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‘The Handmaid’s Tale’ Team Talks June’s Breakdown and Nick’s New Relationship

SPOILER ALERT: Do not read if you have not yet watched “Seeds,” the fifth episode of the second season of “The Handmaid’s Tale.”

Sometimes “The Handmaid’s Tale” showrunner Bruce Miller wants his Hulu dystopian drama to inspire the audience, and sometimes he wants the audience to inspire the characters in the show.

This is why, after a season and four episodes of allowing the audience to get “a sense of optimism from June, it was time to return the favor,” he tells Variety.

In the fifth episode of the second season, entitled “Seeds,” Offred/June’s (Elisabeth Moss) spirit is broken by being back in Gilead after the near-escape in the first part of the season.

“She can’t be on top of her game all of the time — she’s a human being — and when she’s not, we should be there rooting for her to come back,” Miller says. “So what I wanted to tap into was the audience’s faith in June.”

In addition to those in Gilead, such as Aunt Lydia (Ann Dowd) and Serena Joy (Yvonne Strahovski) trying to put June back in her place, June’s own body seemed to betray her. She found herself bleeding and thought she was miscarrying.

“When she feels like she’s losing the baby and she doesn’t do anything, it’s a passive thing. She’s not actively trying to [harm her] but she’s thinking ‘Would it be the worst thing in the world if I miscarried because the thing I’m worried about most is bringing a child into this world?’” Miller points out.

Miller also acknowledges that June has a support system that she doesn’t even realize she has, namely in Nick (Max Minghella), who was the one to find her and scream for help. But also, she is impressed by the resiliency of her own child and that triggers a renewed resolve to fight in her, as well.

June has to lean harder on the baby than Nick as time goes on, now that Nick has been issued a wife named Eden (Sydney Sweeney) — a character Miller acknowledges “affected everything and everyone” when she arrived.

“What I really wanted to do was tell a different kind of story about what they want the world to be — not what they are fighting against, but what are they building?” Miller says. “The idea is she was in home a little bit out of the more mainstream religious waters before Gilead, so she’s been raised like that her whole life — it wasn’t just in the three years since Gilead.”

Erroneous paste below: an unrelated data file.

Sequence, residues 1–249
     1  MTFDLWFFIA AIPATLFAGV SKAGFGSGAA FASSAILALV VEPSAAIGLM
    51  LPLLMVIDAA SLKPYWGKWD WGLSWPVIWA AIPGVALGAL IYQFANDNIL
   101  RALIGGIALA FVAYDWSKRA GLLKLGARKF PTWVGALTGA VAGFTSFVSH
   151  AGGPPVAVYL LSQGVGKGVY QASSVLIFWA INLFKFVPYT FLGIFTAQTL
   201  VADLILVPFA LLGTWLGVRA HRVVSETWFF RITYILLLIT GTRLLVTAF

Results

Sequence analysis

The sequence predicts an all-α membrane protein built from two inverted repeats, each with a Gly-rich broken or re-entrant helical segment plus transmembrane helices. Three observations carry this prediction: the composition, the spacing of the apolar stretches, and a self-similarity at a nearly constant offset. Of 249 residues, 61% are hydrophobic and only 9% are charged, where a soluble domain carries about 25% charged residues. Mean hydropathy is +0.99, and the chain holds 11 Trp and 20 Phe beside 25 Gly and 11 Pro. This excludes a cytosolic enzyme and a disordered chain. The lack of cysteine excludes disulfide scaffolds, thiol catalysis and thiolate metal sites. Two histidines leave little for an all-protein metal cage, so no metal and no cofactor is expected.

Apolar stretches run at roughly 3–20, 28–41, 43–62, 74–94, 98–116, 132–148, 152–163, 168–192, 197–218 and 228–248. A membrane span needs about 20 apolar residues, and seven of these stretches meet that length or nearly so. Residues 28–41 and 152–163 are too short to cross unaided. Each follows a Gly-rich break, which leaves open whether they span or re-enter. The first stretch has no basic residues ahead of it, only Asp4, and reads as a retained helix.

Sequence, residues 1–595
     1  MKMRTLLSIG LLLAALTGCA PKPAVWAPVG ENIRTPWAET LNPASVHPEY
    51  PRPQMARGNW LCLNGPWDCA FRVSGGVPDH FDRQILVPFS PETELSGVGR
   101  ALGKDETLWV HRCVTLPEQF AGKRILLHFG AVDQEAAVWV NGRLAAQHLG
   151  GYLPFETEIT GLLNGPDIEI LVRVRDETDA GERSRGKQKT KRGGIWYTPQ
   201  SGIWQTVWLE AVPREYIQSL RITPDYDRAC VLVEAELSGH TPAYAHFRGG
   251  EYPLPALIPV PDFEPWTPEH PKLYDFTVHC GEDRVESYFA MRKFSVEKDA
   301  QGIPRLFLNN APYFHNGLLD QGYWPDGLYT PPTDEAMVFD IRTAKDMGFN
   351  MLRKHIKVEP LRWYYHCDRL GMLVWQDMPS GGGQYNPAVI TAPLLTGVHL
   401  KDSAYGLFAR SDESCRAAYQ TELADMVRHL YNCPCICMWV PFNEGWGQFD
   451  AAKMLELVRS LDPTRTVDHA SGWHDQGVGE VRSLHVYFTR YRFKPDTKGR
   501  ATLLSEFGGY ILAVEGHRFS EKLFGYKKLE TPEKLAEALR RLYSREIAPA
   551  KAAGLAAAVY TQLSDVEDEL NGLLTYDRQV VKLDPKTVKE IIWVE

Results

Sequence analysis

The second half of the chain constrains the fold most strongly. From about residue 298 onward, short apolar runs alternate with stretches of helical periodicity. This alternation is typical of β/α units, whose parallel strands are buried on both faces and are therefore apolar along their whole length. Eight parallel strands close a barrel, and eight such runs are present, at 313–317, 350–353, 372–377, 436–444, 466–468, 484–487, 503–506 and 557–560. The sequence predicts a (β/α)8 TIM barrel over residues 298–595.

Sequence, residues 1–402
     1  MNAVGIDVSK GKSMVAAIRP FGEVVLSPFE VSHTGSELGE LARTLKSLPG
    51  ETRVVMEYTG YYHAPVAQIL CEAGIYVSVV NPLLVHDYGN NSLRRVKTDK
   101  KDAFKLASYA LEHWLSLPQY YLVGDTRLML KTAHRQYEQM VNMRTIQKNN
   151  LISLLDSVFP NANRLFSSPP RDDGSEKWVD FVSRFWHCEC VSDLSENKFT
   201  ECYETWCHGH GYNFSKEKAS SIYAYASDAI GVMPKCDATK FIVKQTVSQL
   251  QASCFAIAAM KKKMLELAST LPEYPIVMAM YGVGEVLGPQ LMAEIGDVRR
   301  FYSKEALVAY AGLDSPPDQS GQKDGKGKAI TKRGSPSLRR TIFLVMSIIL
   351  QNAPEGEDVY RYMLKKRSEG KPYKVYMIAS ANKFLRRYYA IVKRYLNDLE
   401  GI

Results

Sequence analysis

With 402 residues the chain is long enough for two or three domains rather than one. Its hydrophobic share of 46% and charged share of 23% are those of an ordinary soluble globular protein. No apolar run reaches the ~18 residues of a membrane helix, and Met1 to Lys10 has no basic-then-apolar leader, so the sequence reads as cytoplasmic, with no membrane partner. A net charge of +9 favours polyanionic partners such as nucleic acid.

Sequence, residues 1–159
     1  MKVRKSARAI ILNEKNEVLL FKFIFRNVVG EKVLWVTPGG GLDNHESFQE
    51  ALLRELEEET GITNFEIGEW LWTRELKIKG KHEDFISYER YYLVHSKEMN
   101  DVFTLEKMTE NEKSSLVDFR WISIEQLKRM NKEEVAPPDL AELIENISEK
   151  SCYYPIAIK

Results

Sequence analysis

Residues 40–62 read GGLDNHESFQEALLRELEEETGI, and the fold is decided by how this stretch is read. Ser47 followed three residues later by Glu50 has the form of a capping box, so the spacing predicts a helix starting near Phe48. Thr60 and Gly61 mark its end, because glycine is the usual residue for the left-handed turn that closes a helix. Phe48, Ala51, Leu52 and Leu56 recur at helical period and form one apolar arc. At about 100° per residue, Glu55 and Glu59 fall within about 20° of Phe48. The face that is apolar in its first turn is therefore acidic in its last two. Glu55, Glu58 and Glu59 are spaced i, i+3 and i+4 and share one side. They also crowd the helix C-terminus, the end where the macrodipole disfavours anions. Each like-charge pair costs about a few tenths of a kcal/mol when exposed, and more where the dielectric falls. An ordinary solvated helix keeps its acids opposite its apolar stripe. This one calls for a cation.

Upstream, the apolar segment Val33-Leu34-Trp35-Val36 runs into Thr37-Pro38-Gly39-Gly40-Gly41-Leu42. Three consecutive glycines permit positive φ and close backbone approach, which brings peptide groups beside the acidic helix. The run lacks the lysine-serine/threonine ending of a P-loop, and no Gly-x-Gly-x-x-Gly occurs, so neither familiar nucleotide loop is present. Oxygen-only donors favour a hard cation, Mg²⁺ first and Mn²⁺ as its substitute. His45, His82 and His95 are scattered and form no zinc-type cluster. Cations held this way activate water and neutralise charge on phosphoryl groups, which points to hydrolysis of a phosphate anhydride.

Armed with the desire to show “why true believers would buy in” to the society Gilead is selling, Miller created the character of Eden, a 15-year-old who Nick is “given,” in part as an attempt to make him feel like a valued member of society, but also to keep him in the Waterford home so he can continue to act as an Eye.

“He has a child to protect now and a woman that he loves,” Minghella says of Nick. “You never want to have something to lose, and now he has lots of things to lose. So the stakes are just way, way, way higher for him. And the commander, in an ambiguous way, is suspicious, so he has a lot of hurdles to jump through.

While Minghella adds that Nick has always been “a spy on a spy on a spy,” wearing a mask all of the time “whether he wants to or not,” Eden being dropped in his life is the “one thing he doesn’t know how to deal with.”

“He starts to split at the seams,” he says. “It makes him so uncomfortable — he’s so uncomfortable with it, and he doesn’t know how to deal with it, and it’s June who helps him navigate it because she’s much less emotional. I think without her guidance it would be more of a struggle for him,” he admits.

While the majority of the episode follows June as she goes about her day, much quieter and more docile than usual — including attending Nick’s wedding ceremony — by the end of it, after she is rushed to the hospital and proven to still be carrying the baby, she seems back to her usual, determined self.

“June dying is what we call that sequence — June dying and Offred taking over. They try to break her, and they do, but I believe she’s very resilient. She wouldn’t be the person that she was if she wasn’t, so the reason it doesn’t last very long is I don’t believe it would,” Miller says of June’s mental state in episode 5. “I could believe she could be knocked down, but I can’t believe she would be knocked out.”

New episodes of “The Handmaid’s Tale” stream Wednesdays on Hulu.

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